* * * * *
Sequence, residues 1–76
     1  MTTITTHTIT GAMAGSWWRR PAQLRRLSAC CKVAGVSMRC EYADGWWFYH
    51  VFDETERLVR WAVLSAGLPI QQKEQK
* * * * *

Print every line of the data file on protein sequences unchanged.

Sequence, residues 1–76
     1  MTTITTHTIT GAMAGSWWRR PAQLRRLSAC CKVAGVSMRC EYADGWWFYH
    51  VFDETERLVR WAVLSAGLPI QQKEQK